A Taliban spokesman announced on Tuesday the names of the men who would fill key government posts as the group assumes complete power over Afghanistan. Despite previously claiming that they would rule differently to the group's repressive regime in the 1990s, the list was filled with mostly old-guard stalwarts. The Taliban's supreme leader said the new government would be guided by Islamic Sharia law as interpreted by their fundamentalist ideology.
But a top official in former President Hamid Karzai's government warned that same day in a DW interview that "if the Taliban insists on just being as pure and monolithic in terms of their governance as it seems today, then it would be very hard for them to govern."
"Governing Afghanistan today will not be easy. The 1990s was a completely different time. Resistance will absolutely continue," was the message Jawed Ludin, a former adviser to Karzai and deputy foreign minister in his government, had this week for the old-new rulers of his country.
In an interview this week with Tim Sebastian on DW's Conflict Zone, Ludin lamented the missed opportunities by the extreme Islamist group, calling it "a historic mistake" to not broaden the composition of the government.
"They should have included technocrats. ... They could have just brought totally new faces and that would have given people more confidence and trust." He later added that "one thing that has changed for the worse since the '90s is the fact that today's Taliban are angry. They have a very deep-seated vengeance."
What led to the Afghan government's fall?
In a candid talk, Ludin admitted to mistakes made by himself and former President Hamid Karzai, saying they had contributed to the fall of the democratic republic of Afghanistan. "The fundamentals of the building of state could have been done better under his term, and we wouldn't be here today. … we probably didn't do a good job."
When asked about corruption accusations against Karzai, he responded: "I don't think he is corrupt personally. I think he made an error of judgment by basically putting the need for unity at that time ahead of reform and ahead of statebuilding."
But Ludin also did not spare criticism of Karzai's successor, the fleeing former president Ashraf Ghani, and his administration: A "significant part of what has happened was the Afghans' fault. I think we Afghans do tend sometimes to take far less responsibility than is due to us."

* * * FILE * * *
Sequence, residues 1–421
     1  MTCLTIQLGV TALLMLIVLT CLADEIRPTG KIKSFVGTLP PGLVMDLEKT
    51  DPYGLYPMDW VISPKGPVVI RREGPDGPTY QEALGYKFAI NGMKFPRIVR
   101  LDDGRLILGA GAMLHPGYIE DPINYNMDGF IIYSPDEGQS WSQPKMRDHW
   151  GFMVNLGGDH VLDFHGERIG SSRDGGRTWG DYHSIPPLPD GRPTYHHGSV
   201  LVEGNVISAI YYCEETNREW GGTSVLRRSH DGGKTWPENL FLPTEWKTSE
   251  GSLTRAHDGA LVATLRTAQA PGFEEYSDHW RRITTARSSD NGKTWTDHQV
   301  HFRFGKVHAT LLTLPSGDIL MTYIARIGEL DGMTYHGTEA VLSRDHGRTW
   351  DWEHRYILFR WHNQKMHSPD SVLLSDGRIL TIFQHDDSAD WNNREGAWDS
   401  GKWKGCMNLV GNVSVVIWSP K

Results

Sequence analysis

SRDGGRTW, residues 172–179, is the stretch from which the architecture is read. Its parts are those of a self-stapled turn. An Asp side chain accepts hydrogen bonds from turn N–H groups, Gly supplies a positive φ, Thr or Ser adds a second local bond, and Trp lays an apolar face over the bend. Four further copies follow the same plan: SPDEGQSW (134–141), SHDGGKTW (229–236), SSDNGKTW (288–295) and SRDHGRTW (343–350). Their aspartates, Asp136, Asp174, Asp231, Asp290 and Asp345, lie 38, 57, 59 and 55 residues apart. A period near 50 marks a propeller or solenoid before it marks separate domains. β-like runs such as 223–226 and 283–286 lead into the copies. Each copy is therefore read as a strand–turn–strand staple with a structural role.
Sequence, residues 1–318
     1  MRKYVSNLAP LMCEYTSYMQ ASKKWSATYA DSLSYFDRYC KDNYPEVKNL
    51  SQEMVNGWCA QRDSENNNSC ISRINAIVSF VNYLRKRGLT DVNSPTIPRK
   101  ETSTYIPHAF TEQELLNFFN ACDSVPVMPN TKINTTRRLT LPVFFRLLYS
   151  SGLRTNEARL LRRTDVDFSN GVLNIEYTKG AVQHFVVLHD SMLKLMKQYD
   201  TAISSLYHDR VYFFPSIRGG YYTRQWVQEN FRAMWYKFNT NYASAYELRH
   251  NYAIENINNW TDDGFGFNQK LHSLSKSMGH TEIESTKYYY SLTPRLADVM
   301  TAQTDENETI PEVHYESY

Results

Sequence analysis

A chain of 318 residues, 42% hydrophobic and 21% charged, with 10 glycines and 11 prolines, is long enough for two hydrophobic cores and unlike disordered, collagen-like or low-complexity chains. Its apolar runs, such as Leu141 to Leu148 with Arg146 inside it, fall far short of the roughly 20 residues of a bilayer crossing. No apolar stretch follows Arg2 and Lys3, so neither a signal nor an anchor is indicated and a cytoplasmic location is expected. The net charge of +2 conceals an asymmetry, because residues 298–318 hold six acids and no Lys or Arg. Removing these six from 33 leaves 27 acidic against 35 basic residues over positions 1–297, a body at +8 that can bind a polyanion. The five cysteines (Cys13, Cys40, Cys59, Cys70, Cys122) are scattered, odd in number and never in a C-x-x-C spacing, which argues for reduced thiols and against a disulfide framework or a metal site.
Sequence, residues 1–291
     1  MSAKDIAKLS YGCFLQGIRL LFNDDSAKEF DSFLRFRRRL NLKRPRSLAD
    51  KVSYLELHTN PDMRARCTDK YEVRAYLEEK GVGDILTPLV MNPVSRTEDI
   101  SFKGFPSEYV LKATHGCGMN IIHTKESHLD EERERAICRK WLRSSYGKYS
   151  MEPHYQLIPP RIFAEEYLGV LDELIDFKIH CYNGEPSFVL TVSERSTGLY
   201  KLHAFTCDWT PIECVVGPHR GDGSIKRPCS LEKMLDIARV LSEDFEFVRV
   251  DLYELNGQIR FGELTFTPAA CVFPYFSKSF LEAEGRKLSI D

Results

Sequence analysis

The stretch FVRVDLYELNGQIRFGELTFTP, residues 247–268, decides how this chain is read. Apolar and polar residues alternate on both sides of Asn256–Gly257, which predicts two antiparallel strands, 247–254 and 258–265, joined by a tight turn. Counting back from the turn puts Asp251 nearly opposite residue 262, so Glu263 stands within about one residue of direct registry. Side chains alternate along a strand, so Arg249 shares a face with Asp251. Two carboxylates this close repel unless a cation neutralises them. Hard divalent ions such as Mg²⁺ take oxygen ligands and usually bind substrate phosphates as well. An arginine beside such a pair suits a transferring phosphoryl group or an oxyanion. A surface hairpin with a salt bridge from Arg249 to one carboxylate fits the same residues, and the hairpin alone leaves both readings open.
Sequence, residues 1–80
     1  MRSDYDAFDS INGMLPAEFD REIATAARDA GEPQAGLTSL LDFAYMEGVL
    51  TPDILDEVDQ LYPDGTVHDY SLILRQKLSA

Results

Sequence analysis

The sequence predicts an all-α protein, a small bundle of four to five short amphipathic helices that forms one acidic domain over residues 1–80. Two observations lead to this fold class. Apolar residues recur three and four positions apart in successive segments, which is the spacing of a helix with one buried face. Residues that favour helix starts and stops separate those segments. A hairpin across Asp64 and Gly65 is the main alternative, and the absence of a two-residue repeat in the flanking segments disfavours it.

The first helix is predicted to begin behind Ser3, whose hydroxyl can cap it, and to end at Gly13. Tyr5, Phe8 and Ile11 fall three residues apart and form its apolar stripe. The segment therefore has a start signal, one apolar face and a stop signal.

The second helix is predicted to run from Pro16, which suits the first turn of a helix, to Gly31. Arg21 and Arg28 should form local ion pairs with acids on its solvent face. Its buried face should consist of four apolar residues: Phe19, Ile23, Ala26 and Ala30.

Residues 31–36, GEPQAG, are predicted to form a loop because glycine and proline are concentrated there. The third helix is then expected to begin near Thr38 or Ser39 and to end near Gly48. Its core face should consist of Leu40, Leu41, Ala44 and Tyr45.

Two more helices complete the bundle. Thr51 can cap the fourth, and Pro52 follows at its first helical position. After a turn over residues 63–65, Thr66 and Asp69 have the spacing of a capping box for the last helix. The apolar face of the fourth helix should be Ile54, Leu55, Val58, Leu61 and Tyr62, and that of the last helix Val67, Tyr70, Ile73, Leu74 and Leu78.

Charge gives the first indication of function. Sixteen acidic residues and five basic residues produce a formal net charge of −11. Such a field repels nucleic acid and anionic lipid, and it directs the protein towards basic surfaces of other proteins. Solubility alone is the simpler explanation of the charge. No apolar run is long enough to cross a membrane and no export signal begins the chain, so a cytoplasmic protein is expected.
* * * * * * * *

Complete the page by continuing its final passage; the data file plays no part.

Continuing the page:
The former adviser underlined that the period of the last two decades "was, after all, an opportunity — a totally, absolutely historic opportunity unrepeatable in history for us to really make our country into a good normal society and we failed, and corruption is one of the factors. But I think there were other factors as well… the crisis of leadership that we had, our political elite did not really step up to the plate."
Can the West regain leverage?
Ludin is not too optimistic when it comes to the West's ability to influence the new Taliban government: "The Taliban see absolutely no reason to take seriously what the West is telling them because they, for them, the relationship with the West is optional."
He also criticized how the withdrawal unfolded: "The pulldown didn't have to mean a military victory and a takeover of Kabul by the Taliban. It could have happened in a more responsible manner... the Americans could have handled the peace process that they were engaged in for the last three years almost, in a better way … that this scenario could have been avoided."
The key mistake, in his view, is the deal brokered by former US President Donald Trump with the Taliban in February 2020. "The negotiations worked very well. It's just that the US too soon removed the leverage that it had on the battlefield as well as diplomatically, by concluding the agreement in a way that basically gives Taliban all of the power."